The third part of a statement by an award-winning journalist reveals the true face of the most vocal Japanese disgruntled ex-member of the church.
by Masumi Fukuda
Article 3 of 4. Read article 1 and article 2.
Initially, I did not pay much attention to Sayuri Ogawa (a pseudonym), a second-generation ex-member of the former Unification Church, when she first began to appear on TV and other media. When a sensational incident such as the Abe assassination occurs, it is normal that some who believe they have a story to tell would try to attract media attention. The question is, however, whether their testimony is true or not.
Soon, the credibility of her claims began to be questioned, especially on the Internet. Indeed, her explanations about the cause of her mental illness, the reason why she left the Unification Church, and the story of her financial troubles with her mother changed from time to time, and her claims were not consistent at all. Then, new stories were suddenly added, such as that she had been sexually harassed by a male group leader during a Unification Church training session, or that while she was at a church event in Cheongpyeong, Korea, her mother had stolen money she had saved and hidden.
The Family Federation is very strict about romantic relationships, and prohibits sexual relationships before marriage. Therefore, it is difficult to imagine a man sexually harassing a woman during a training session, which is a religious event of the church. In my experience of covering similar incidents in other contexts, it is also true that among those who claim to have been sexually harassed, abused by their supervisors, stalked, had their children severely bullied, or suffered from post-traumatic stress disorder, while some were real victims, others made claims that were not true or greatly exaggerated their stories.
If Ogawa had limited herself to present her statements on YouTube or satellite TV, hers might have remained just a minor incident. However, she later testified at hearings by the ruling and opposition parties, attended a press conference at the Foreign Correspondents’ Club of Japan, and was finally invited by the Diet as a witness.
She began her speech by raising her voice in front of many Diet members. “(My parents) confiscated my wages, two million yen for five years of part-time job, which I started when I was in high school. I have never received it back. Despite this situation, my parents repeatedly gave large amounts of donations to the church without asking me and my siblings. The teaching that leads to such donations is forced on children from an early age…”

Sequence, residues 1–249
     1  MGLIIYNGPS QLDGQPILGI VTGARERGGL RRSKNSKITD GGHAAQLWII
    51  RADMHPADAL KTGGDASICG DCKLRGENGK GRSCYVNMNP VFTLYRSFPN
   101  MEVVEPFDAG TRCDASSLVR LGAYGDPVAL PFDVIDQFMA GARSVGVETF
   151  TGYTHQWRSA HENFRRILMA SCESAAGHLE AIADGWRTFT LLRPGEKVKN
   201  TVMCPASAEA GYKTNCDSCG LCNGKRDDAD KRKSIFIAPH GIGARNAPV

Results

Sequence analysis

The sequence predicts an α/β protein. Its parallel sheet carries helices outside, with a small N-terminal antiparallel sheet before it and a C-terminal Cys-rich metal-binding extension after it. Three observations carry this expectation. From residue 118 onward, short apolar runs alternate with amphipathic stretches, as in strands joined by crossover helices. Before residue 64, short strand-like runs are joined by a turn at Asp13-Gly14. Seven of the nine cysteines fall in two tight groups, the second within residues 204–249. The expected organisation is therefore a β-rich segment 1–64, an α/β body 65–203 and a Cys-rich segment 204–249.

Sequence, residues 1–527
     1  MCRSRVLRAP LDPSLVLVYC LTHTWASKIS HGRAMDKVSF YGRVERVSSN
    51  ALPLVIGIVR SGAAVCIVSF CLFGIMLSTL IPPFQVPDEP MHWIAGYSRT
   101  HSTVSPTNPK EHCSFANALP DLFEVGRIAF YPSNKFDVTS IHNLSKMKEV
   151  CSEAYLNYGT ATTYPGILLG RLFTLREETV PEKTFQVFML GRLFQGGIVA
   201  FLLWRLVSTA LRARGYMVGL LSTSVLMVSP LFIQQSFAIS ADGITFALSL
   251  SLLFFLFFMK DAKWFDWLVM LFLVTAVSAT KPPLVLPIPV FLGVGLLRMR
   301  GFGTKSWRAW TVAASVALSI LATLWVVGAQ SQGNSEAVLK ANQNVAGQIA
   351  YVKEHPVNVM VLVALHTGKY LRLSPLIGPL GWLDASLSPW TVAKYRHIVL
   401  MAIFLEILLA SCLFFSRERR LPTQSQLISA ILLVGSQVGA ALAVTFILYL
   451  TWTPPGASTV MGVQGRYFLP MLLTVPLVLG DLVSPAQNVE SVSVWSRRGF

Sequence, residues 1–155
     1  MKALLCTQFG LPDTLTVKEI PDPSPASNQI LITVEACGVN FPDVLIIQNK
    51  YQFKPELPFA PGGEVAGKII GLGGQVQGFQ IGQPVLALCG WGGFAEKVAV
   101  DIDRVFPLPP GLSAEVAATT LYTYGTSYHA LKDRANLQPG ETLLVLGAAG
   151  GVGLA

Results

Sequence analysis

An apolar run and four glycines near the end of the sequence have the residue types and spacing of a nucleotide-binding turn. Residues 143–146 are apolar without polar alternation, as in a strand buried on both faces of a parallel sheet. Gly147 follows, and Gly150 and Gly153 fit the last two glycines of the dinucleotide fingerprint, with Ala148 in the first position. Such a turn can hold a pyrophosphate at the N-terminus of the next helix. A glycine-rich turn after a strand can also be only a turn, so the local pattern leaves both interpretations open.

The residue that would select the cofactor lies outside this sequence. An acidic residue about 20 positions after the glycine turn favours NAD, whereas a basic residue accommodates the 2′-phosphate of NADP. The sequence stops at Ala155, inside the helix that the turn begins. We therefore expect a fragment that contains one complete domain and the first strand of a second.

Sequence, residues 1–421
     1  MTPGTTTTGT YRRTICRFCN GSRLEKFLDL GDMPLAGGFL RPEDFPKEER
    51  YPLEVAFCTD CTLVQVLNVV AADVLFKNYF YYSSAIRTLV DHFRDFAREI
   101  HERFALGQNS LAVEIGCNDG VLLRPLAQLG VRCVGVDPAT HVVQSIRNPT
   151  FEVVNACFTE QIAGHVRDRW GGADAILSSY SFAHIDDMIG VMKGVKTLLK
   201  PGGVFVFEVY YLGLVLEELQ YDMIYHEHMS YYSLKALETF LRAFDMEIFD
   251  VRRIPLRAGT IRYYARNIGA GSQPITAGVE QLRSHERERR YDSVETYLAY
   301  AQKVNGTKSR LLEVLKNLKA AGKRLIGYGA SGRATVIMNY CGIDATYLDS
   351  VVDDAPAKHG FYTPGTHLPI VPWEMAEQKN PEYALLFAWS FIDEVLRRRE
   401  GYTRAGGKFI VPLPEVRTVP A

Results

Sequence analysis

Many agree that Ogawa was behind both Prime Minister Kishida’s decision to exercise the right to ask questions to the Family Federation, a preliminary move towards seeking its dissolution, which he had previously been reluctant to do, and the unusually rapid enactment of the new law for the victims’ relief. Needless to say, however, making statements in public involves a significant responsibility. If by any chance a false accusation determined the government to act, it would be a very serious matter.
Around the end of November 2022, I asked a spokesperson for the former Unification Church whether Ogawa’s claims were true. He replied, “Her parents are heartbroken. They deny most of Ogawa’s claims.” Hearing this, I hesitated for a while, and then told the church representative that I would like to interview Ogawa’s parents. On December 24, I traveled to Mie Prefecture, where her parents live, to conduct a lengthy interview.
My impression is that both mother and father are loving, ordinary parents who think of their daughter first and foremost. The only thing that distinguishes them from ordinary parents is their faith in the Family Federation. Indeed, since Ogawa was a little girl, they took her to Sunday church services and held a salute ceremony at 5 a.m. once every eight days at their home. But that salute ceremony takes about fifteen minutes.